Shingles linked to increased risk of stroke in young adults
Having shingles may increase the risk of having a stroke years later, according to research published in the January 2, 2014, online issue of Neurology, the medical journal of the American Academy of Neurology.
Shingles is a viral infection that causes a painful rash. It is caused by the same virus that causes chickenpox. After people recover from chickenpox, the virus stays dormant in the nerve roots. In some people, the virus reactivates years later as shingles.
People age 18 to 40 who had shingles were more likely to have a stroke, heart attack or transient ischemic attack, also called a TIA or warning for a stroke, years later than people who had not had shingles. People over 40 who had shingles were more likely to have a heart attack or TIA, but not a stroke, than those who had not had shingles.
The study involved 106,600 people who had shingles and 213,200 people of similar ages who did not have shingles. Using a United Kingdom database, researchers reviewed the participants' records for an average of six years after the shingles diagnosis and for as long as 24 years for some participants.
People under 40 years old were 74 percent more likely to have a stroke if they had had shingles, after adjusting for stroke risk factors such as obesity, smoking and high cholesterol. A total of 40 people with shingles had a stroke, or 0.21 percent, compared to 45 of those who had not had shingles, or 0.12 percent. People under 40 were 2.4 times more likely to have a TIA if they had shingles and 50 percent more likely to have a heart attack.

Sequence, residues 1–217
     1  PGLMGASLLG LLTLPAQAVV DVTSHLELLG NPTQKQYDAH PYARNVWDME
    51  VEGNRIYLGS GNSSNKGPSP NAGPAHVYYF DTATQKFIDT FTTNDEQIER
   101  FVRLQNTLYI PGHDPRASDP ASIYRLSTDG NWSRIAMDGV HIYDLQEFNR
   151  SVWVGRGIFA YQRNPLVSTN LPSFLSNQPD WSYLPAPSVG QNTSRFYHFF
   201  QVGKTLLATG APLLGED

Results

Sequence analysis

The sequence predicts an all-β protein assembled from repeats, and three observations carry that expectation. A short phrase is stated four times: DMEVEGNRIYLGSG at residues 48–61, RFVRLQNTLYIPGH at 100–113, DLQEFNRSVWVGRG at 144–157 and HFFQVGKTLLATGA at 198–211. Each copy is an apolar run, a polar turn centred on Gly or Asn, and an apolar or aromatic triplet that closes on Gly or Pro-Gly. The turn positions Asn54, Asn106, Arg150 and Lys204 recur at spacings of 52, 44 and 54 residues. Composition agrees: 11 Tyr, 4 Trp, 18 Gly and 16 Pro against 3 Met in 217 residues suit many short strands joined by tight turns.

The numbers were not as large in people over 40. They were 15 percent more likely to have a TIA and 10 percent more likely to have a heart attack if they had shingles.
Study author Judith Breuer, MD, of University College London said that for older people better screening and treatment for stroke risk factors, including diabetes, high cholesterol and high blood pressure, may explain why they are at lower risk than younger subjects of stroke, TIA and heart-related events following shingles.
"Anyone with shingles, and especially younger people, should be screened for stroke risk factors," Breuer said. "The shingles vaccine has been shown to reduce the number of cases of shingles by about 50 percent. Studies are needed to determine whether vaccination can also reduce the incidence of stroke and heart attack. However, what is also clear is that factors that increase the risk of stroke also increase the risk of shingles, so we do not know if vaccinating people can reduce the risk of stroke per se. Current recommendations are that anyone 60 years and older should be vaccinated. The role for vaccination in younger individuals with vascular risk factors needs to be determined."